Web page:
"Bayer is convinced that glyphosate is safe and does not cause cancer," Bayer said.
The statement is in response to a California jury that found that Monsanto acted with "malice" and that Roundup and the RangerPro professional grade version contributed "substantially" to Dewayne Johnson's terminal illness.
"The jury was wrong," company vice president Scott Partridge told reporters in front of the court.
Johnson, a California gardener diagnosed in 2014 with non-Hodgkin's lymphoma, a cancer that affects white blood cells, says he repeatedly used a generic form of RangerPro while working at a school in Benicia, California.
The lawsuit was based on the 2015 findings of the International Agency for Research on Cancer, part of the UN World Health Organization, which classified the main ingredient of Roundup glyphosate as a probable carcinogen, which makes the state from California do the same.
"We are sympathetic to Mr. Johnson and his family," Monsanto said in a statement promising to appeal the ruling and "continue vigorously defending this product, which has a 40-year history of safe use and remains a vital, effective and safe tool for farmers and others. "
But Johnson's attorney, Brent Wisner, said the verdict "shows that the evidence is overwhelming" that the product represents a danger.
"When you're right, it's really easy to win," he said.
More to come?
Wisner called the ruling the "spearhead" of litigation likely to come.
The lawsuit is the first to accuse the product of causing cancer, but observers say a Monsanto defeat likely opens the door to hundreds of lawsuits against the company, which was recently acquired by Germany's Bayer.
Robert F. Kennedy Jr. – an environmental lawyer, son of the late United States Senator and member of Johnson's legal team – sat in the courtroom behind the dying man, who bowed his head.
"I think the verdict will unleash a cascade of new cases," said Kennedy, who publicly defended the case.
"The jury sent a message to the Monsanto boardroom that they have to change the way they do business."
Partridge said outside the courthouse that Monsanto had no intention of resolving the large number of similar cases on the legal list, and said that otherwise the verdict would lead the company to work harder to prove that the herbicide is safe.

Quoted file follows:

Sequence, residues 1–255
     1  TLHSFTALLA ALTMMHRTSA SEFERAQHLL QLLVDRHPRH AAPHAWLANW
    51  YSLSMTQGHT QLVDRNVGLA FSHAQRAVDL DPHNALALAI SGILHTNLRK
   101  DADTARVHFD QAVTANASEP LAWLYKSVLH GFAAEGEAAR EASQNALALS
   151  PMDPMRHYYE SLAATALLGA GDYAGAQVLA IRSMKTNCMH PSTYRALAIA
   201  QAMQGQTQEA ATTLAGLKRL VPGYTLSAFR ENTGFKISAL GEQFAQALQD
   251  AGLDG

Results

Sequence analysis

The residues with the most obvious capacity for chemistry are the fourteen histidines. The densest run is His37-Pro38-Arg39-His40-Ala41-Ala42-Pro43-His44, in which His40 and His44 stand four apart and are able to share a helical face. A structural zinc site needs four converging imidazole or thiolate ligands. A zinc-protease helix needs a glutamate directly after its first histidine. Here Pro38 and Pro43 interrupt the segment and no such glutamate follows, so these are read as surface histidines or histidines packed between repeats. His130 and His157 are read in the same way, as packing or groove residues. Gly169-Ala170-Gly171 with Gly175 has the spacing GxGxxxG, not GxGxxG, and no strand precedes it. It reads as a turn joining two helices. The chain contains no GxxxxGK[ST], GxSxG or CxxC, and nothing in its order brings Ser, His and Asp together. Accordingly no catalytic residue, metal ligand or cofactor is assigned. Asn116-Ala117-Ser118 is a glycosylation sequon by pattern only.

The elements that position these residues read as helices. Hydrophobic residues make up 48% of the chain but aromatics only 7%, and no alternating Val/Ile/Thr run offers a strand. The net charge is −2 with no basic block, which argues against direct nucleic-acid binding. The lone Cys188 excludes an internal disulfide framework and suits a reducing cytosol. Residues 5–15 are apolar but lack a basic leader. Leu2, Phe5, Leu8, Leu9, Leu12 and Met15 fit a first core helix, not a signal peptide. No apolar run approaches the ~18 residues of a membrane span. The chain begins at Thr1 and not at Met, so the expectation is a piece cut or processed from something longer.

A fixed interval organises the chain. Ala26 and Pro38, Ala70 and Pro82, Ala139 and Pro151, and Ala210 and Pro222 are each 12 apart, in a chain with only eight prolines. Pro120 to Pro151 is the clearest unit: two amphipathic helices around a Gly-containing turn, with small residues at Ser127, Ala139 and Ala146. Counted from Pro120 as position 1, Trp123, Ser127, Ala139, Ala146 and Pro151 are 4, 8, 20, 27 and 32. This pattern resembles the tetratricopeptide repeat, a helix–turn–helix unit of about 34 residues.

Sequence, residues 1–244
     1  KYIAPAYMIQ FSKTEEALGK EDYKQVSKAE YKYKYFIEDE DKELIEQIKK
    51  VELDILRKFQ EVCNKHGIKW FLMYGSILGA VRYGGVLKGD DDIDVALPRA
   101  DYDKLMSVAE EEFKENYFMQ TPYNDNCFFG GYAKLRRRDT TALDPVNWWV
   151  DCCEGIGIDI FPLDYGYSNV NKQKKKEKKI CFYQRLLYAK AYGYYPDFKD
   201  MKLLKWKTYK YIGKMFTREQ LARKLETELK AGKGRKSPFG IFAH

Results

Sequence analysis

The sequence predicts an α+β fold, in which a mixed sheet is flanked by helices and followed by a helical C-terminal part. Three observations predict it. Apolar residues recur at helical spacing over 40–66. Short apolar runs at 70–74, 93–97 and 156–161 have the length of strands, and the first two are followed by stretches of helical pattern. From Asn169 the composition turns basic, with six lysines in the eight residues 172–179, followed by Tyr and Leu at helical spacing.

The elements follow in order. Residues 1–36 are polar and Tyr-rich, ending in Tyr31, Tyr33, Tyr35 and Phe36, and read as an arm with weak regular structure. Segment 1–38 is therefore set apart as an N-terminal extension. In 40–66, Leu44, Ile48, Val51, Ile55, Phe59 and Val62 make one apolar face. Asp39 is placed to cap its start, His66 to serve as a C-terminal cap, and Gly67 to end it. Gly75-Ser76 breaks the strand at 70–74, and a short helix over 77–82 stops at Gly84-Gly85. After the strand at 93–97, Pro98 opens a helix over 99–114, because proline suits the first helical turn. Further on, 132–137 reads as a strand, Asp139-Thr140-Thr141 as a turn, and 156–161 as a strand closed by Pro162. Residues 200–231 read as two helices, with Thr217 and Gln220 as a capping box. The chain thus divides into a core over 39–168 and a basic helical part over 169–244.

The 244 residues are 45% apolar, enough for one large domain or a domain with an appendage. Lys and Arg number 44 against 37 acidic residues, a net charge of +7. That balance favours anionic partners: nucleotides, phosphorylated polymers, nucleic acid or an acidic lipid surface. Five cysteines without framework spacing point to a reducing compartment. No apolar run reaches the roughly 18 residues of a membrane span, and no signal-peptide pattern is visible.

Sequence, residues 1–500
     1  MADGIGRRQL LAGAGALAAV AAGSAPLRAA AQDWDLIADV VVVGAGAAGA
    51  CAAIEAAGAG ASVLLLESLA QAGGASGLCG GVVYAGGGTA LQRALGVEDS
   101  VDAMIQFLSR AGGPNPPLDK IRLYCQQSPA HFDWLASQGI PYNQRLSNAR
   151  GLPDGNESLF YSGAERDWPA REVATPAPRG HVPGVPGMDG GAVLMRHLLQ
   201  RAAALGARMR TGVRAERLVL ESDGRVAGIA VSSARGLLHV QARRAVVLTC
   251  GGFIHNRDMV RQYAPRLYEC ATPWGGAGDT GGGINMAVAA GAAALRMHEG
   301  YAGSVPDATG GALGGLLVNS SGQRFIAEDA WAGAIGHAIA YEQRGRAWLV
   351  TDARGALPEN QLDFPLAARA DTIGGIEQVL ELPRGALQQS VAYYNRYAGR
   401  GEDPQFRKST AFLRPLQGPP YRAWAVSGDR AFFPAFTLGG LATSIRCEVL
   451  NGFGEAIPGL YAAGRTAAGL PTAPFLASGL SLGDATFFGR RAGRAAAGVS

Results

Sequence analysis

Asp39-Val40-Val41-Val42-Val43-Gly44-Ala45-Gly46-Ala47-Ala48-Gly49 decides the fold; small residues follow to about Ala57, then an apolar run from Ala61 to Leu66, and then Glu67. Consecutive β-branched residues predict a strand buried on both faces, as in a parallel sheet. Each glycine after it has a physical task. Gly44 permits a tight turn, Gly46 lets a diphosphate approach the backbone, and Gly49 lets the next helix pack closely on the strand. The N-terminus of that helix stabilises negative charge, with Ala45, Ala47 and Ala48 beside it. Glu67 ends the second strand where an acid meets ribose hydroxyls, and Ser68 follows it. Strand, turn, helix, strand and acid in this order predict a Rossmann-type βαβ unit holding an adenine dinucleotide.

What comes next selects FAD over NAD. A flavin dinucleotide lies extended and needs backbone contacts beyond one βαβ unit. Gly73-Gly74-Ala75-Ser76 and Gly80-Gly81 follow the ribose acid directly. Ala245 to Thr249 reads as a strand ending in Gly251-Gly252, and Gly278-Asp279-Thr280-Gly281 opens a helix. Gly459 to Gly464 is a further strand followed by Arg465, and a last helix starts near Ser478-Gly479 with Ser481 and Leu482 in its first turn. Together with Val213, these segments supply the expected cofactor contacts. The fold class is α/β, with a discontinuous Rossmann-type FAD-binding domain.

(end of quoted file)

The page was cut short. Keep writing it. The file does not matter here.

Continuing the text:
"It is the most widely used and widely studied herbicide in the world," said Partridge. "Today's verdict does not change science."
& # 39; Win for all humanity & # 39;
Before the jurors were to deliberate, Johnson's lawyer, Brent Wisner, asked that they hand over a "day of settling of accounts" for Monsanto.
"Science finally caught up, where they could not bury it anymore," Wisner told the jury in the final arguments.
Roundup is Monsanto's leading product, and glyphosate is reportedly the most commonly used herbicide in the world.
"The Johnson v Monsanto verdict is a victory for all of humanity and all life on earth," said Zen Honeycutt, founding executive director of the non-profit group Moms Across America.
"Most of our diseases and losses in the quality of soil, water, wildlife and marine life are due to toxic chemicals, particularly Monsanto's most used glyphosate herbicides such as Roundup and Ranger Pro.
Monsanto always denied any link to the disease and said the studies concluded that the product was safe.
But the controversy has already damaged the reputation of the company.
Records previously disclosed by a federal court gave credibility to Johnson's claims: the company's internal emails with regulators suggested that Monsanto had written phantom investigations that were then attributed to academics.
Founded in 1901 in St Louis, Missouri, Monsanto began producing agrochemicals in the 1940s. It was acquired by Bayer for more than $ 62 billion in June.
Monsanto was one of the companies that produced the defoliant "Agent Orange", which has been linked to cancer and other diseases, to be used by US forces in Vietnam.
The company denies responsibility for how the military used the product.
Monsanto launched the Roundup in 1976 and shortly thereafter began to genetically modify the plants, which gave it some resistance to Roundup.